Classical fusion: Renaissance-era music meets Indian poetry
Renaissance-era music meets Indian classical poetry in Songs of the Heart, a unique cross-cultural exchange project.
Songs of the Heart is billed as a baroque music concert. Although, as a collaboration co-hosted by the Alliance Française of Madras and the Prakriti Foundation, the concert will present a dialogue between Western Renaissance music and Indian classical poetry.
Hosted as a part of the ongoing Bonjour India celebrations, to further cultural exchanges between India and France, the concert will feature music by French and Italian composers alongside texts by poets from the Renaissance and Baroque eras, in a dialogue with nuggets of Indian poetry.
“Poetry is the common thread of this show,” says conductor Françoise Lasserre, who will lead the concert. “Renaissance composers arranged in music the best poets of their time, like Pierre de Ronsard or Torquato Tasso.” The old masters were also interested in the Song of Songs, the last section of the Hebrew Bible, she informs.
In Françoise’s view, all that comes down to love. “All these texts describe different moods of love,” she explains, “Love at first sight, its flowering, separation, jealousy, the wait, the disdain, the worship, etc… But the object of the amorous desire, which can be a lover, man or woman, or a god, is often depicted using pictures from nature.”
That’s where Françoise found a parallel for Songs of the Heart, which will feature the actors Savrasti Banerjee and Varun Aiyer. “We find the same pictures in Sangam Poetry, in poems of Mira Baï, Amaru or Rumi,” notes the conductor. In effect, she says, “It was easy to alternate music and poems, singing voice and spoken voice, because of this common thread.”
Love, sacred & profane
The comparisons do run deeper. “Poets use the same words, feelings, or affectations to express a voice of passion, in both instances of Profane Love and Sacred Love,” she notes. “The best examples of matching can be found in comparing the Song of Songs and Sangam Poetry,” she says. However, Western composers use different styles, explains Françoise.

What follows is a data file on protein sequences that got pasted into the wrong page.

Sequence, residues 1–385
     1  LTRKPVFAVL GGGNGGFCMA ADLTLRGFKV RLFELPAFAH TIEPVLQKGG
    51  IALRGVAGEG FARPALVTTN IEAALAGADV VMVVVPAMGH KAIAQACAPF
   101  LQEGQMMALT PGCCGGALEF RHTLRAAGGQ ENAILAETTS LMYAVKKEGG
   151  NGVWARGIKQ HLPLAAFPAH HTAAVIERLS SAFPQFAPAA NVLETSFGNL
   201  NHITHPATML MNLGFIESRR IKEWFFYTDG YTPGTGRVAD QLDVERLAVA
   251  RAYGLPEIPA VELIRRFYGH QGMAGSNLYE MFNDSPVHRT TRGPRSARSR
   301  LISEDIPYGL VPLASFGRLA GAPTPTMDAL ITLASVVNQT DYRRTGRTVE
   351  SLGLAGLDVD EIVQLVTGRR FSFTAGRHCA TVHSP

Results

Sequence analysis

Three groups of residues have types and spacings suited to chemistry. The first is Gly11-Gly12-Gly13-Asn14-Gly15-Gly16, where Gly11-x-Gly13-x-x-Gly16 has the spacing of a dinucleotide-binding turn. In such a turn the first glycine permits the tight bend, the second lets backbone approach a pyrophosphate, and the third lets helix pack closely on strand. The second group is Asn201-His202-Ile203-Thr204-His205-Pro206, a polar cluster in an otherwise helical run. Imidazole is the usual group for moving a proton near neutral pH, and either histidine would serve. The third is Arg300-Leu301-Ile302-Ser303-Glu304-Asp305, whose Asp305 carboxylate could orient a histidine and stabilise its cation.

“When Palestrina, the best composer in Roma in the late 16th century, put in music the Song of Songs, he was working for the Church,” she notes. “His music was polyphonic, with pure melodies. If Monteverdi composed on Tasso’s poems, he was working for aristocrats. He used what we call the ‘seconda pratica’ (Italian for ‘second practice’), which leaves behind the traditional polyphony.”
In the end, both poetry and music speak to the heart of each person in a different way, reasons the conductor. “It depends on your own condition,” she offers. “Sentimentality is missing in Renaissance Music. The depicted love, even unfortunate, stays in the vein of amour courtois (courtly love), inherited from the Middle Age. Unlike in operas by Puccini, the hero can give his life for his lover, but not blood. Passion and drama are expressed by dissonances, ruptures of rhythm, and a wide vocal range.”
Françoise’s ensemble Akadêmia has been working with Indian artistes since 2013. “We work with a mutual respect of our own traditions, and we are happy to discover new horizons,” she enthuses. “When I speak to Indian singers, they are pleased to know that my requirement is the same with them as with my musicians.”
For their performance in Chennai, which will feature five singers and two instrumentalists from France along with 13 Indian singers, the audience can expect “a personal experience”, promises Françoise. “My goals are far from entertainment, I’d like to move them in the depth of their soul,” she says. “I hope they will agree that love is the common thread of humanity!”
On December 17, 7 pm. At Edouard Michelin Auditorium, Alliance Française of Madras.